I have just one question: What should people do if they get caught in the Mathematics library? (Maybe give up hope because they were there in the first place?)

OK, so I technically shouldn't make fun of things in light of the serious situation (people got trapped inside the library during a suspected gas leak that thankfully turned out not to be an actual leak), but there are parts of that specific phrasing that strike me as a bit absurd (especially when used as the ending paragraph of an article rather than directly as the public service announcement that this presumably started off as) and consequently amuse me (independent of the gravity of the situation described in the article). And, yes, I am the type of person who would laugh at my own funeral.

Thursday, May 08, 2008

Fun with Equation Names

I looked at a very interesting paper today (that I need to read carefully) that refers to a paper called the "modified MKdV" equation, which is called the MMKdV equation for short. Let's unpack this name:

The KdV equation stands for the Korteweg-de Vries equation. In other words, it's named after two people.

The MKdV equation stands for the "modified KdV" equation, which means that the MMKdV is in fact the "modified modified KdV" equation, which I would prefer to called the (modified)^2 KdV equation, although I'd really prefer a different adjective entirely be applied to KdV.

It's not close to as bad as "The Los Angeles Angels of Anaheim" (which means "The The Angels Angels of Anaheim" or (The)^2 (Angels)^2 of Anaheim), but it's not exactly great. I have started to get a little bit of personal experience in how equation names arise. Namely, I wrote a paper and found myself in a paper constantly citing the book of a guy who formulated an equation that showed up in what we were doing, so my collaborators and I decided to name the bloody thing after the guy just so we wouldn't have to awkwardly cite the equation from his book so many damned times. He can thank us later.

Wednesday, May 07, 2008

Julio Franco factoids

After considering and deciding not to blog about Julio Franco's official retirement from baseball at the ripe old age of 49, I just read this very cool article with some cool factoids and decided to post a link to it here. You can find his statistics here.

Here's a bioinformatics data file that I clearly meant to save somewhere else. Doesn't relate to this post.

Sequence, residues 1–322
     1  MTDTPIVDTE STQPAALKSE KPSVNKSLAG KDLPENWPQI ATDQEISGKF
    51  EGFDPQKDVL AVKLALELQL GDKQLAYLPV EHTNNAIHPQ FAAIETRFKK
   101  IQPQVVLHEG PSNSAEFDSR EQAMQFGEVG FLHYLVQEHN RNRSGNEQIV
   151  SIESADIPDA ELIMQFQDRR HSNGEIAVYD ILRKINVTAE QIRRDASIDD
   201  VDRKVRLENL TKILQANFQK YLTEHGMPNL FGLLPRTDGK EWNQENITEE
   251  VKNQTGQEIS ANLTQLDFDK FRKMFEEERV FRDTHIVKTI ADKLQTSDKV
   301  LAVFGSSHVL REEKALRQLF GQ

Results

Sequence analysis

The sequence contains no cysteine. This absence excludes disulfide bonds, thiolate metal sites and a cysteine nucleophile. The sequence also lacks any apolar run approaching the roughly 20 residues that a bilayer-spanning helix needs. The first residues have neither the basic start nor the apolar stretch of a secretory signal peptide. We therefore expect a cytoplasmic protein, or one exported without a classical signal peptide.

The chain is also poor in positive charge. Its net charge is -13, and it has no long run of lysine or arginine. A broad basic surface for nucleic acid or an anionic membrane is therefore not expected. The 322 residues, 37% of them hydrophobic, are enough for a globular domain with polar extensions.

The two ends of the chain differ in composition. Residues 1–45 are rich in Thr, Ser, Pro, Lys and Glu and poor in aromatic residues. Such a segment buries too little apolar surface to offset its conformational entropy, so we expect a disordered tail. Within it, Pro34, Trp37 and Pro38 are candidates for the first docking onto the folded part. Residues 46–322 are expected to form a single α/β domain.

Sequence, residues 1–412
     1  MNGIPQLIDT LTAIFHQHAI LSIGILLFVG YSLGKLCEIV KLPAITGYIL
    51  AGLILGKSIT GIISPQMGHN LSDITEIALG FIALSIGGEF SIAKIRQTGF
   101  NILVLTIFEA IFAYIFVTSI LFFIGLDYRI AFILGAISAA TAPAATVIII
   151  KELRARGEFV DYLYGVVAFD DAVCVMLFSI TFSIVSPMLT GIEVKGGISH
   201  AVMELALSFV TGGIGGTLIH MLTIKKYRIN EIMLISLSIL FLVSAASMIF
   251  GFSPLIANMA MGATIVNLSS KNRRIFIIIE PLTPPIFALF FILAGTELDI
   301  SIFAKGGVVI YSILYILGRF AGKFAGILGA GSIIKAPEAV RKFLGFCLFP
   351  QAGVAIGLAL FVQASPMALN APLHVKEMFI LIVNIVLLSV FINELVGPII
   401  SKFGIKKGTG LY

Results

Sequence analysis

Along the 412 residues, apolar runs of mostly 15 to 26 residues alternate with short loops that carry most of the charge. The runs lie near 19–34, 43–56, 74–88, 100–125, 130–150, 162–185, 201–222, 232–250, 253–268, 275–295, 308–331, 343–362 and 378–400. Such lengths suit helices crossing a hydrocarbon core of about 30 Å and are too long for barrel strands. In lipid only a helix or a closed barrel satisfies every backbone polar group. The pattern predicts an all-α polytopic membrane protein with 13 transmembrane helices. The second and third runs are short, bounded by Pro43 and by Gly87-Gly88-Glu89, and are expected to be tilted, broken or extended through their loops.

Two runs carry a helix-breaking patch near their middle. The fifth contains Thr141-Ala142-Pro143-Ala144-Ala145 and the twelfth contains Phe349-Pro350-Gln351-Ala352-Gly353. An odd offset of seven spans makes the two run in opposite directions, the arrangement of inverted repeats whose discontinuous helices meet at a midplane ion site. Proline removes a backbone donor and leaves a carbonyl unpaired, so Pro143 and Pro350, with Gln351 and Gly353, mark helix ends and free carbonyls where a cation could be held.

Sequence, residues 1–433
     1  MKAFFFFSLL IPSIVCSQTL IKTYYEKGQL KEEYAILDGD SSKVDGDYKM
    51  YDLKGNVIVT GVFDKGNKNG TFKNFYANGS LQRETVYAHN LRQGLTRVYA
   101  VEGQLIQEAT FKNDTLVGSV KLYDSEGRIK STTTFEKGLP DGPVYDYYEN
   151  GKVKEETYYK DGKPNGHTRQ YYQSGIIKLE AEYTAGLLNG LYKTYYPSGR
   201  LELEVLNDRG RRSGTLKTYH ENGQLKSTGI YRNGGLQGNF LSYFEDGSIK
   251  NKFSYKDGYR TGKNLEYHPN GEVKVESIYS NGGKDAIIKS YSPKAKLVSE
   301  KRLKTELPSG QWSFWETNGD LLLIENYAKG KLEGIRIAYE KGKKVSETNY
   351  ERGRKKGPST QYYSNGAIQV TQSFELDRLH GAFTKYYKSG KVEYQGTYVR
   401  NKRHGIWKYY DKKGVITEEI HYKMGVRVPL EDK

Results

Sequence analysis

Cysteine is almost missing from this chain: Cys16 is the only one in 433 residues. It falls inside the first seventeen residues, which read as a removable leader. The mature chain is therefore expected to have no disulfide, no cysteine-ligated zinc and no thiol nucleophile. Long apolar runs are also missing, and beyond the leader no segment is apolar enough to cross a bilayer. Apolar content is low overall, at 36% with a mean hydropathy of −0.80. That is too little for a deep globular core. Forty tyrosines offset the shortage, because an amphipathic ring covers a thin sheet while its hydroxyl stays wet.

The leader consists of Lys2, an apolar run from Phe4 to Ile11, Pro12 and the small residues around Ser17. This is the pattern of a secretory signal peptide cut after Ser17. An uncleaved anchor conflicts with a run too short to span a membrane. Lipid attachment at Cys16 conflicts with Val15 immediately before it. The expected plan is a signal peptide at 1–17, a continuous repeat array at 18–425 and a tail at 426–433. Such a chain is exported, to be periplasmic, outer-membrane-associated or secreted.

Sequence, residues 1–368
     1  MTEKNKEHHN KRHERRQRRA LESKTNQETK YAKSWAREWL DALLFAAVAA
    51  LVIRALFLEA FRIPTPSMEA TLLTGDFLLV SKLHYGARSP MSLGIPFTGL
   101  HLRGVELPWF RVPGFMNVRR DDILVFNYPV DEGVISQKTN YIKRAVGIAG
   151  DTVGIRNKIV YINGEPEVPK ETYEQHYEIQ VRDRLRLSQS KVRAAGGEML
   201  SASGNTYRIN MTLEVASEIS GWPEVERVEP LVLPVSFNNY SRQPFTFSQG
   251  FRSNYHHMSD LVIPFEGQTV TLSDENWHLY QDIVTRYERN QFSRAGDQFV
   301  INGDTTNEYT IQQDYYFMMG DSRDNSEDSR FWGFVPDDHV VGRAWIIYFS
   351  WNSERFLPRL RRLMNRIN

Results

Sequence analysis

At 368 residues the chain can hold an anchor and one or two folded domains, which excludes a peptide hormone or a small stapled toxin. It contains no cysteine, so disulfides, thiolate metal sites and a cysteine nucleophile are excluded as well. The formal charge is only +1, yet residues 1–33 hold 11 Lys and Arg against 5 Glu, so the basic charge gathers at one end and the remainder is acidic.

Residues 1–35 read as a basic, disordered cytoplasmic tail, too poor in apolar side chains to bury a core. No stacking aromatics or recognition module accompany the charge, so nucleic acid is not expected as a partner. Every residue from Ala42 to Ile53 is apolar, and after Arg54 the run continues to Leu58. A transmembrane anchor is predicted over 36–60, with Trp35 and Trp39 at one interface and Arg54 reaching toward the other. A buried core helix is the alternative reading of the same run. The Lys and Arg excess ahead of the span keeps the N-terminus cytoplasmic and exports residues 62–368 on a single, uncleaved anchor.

I think my favorite factoid from the article is the following: In 1982, Franco was traded by the Phillies with Jay Baller, Manny Trillo, George Vukovich and Jerry Willard to the Indians for Von Hayes. The last player in that deal to retire (other than Franco) was Jerry Willard … 14 years ago.

By the way, I remember for years there were rumors that Franco is actually older than his listed age. These were never officially put to rest, though eventually his listed age got high enough that nobody bothered to mention this anymore.

Finally, Franco is ripped. If you've ever seen him up-close, it's kind of ridiculous. His arms look like solid muscle.

Tuesday, May 06, 2008

No more splinters!

I just got back from giving a talk at Southampton today (it was my first talk on quantum chaos in about 5.5 years). As promised by the maintenance people at Somerville, the wooden planks in the "hallway" (more like a very small corridor) within my apartment were covered with another surface today (the type of surface I have in my kitchen and bathroom). I had been getting tons of splinters from walking barefoot at home (wearing socks never actually helped because they would catch on the wood). Occasionally, enough of these would occur in a sufficiently short period of time that I would have some trouble walking, so I am quite pleased that this has now been rectified. (This could have been done earlier, but I was my typical stubborn self when it came to actually bringing this problem to the attention of others.) I think this will also have the benefit of reducing the number of bugs that make their way in here, but the main thing was to get rid of the splinter problem. Excellent!

Monday, May 05, 2008

Tales from the arXiv: Ising model edition

Here is an abstract for a paper that just got posted to the arXiv:

Date: Fri, 2 May 2008 13:00:53 GMT (55kb)

Title: 500-th solution of 2D Ising model
Authors: S.N. Vergeles
Categories: cond-mat.stat-mech
Comments: 14 pages, 4 figures
One more solution of 2D Ising model is found
\\ ( , 55kb)

Comment: Do I detect some sarcasm in the title of this paper? I approve!

Thursday, May 01, 2008

New strategy for seminar speakers

Here's one I hadn't seen before until today.

I have often seen seminar speakers say that they encourage everyone to interrupt them during the talk with questions, etc. Today, however, one speaker (who is local and who knows me) good-naturedly started a talk with an alternative version of this statement that everybody except for me was encouraged to interrupt him with questions, etc. Everybody in the audience who knew me was naturally extremely amused by this. The moratorium was later lifted in the middle of the talk (at an appropriate point in which he discussed stuff I know pretty well), at which point I felt obligated to make some useful comment.

Oh, and the official reason that I was not allowed to ask questions was that there was apparently a risk that I wouldn't stop talking if I started.

In any event, this is one way to preempt potential bad behavior on my part. I'm also pretty sure I'm not going to be allowed to forget this...